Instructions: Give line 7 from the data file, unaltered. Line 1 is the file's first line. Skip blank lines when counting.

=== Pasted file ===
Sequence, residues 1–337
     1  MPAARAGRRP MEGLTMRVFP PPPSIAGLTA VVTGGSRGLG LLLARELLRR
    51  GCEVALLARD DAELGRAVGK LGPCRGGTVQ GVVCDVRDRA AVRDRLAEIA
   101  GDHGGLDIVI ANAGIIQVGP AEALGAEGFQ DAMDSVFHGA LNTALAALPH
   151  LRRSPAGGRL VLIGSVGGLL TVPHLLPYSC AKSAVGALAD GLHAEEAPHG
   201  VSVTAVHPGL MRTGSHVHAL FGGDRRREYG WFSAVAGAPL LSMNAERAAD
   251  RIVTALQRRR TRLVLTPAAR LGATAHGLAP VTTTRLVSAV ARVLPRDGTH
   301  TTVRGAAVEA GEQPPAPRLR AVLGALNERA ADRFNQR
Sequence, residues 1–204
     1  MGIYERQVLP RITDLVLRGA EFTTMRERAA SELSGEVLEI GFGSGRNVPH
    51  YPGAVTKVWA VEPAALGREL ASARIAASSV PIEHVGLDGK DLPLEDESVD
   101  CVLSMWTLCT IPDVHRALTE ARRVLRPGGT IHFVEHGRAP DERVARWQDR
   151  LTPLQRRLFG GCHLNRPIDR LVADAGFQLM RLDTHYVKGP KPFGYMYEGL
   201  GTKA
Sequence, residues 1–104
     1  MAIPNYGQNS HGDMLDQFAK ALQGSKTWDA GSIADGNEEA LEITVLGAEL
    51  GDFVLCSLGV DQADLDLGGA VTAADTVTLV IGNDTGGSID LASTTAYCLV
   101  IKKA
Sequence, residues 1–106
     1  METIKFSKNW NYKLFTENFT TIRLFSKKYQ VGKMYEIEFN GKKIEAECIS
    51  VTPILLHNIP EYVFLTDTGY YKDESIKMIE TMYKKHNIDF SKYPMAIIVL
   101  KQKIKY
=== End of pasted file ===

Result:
   251  RIVTALQRRR TRLVLTPAAR LGATAHGLAP VTTTRLVSAV ARVLPRDGTH